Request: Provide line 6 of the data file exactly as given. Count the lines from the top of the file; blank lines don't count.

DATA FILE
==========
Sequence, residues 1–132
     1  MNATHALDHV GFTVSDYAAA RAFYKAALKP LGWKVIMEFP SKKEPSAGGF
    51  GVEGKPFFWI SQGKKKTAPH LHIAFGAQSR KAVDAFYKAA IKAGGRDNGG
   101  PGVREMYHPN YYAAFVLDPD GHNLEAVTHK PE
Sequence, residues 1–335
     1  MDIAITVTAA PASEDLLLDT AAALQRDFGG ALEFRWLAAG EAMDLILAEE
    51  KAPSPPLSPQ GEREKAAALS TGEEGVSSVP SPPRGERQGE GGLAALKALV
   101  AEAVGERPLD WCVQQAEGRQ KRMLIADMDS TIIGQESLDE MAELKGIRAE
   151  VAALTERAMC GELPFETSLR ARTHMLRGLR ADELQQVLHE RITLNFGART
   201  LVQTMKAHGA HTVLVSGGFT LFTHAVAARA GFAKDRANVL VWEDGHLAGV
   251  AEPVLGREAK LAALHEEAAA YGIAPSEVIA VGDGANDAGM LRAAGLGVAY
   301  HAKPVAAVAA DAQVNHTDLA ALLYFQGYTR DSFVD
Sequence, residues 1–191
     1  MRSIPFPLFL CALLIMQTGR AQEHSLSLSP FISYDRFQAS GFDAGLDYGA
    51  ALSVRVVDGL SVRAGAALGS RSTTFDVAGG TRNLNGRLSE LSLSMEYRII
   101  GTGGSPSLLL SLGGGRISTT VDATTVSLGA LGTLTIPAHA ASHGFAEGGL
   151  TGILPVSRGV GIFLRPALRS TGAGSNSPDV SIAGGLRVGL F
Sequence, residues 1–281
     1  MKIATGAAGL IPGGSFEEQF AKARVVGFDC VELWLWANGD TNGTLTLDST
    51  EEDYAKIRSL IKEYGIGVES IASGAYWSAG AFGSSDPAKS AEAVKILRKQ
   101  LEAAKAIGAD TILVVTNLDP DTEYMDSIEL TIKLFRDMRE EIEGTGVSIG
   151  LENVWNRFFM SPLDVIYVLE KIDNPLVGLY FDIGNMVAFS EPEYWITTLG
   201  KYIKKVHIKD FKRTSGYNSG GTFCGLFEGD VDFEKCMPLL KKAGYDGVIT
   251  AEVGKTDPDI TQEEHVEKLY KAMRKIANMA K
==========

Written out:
     1  MDIAITVTAA PASEDLLLDT AAALQRDFGG ALEFRWLAAG EAMDLILAEE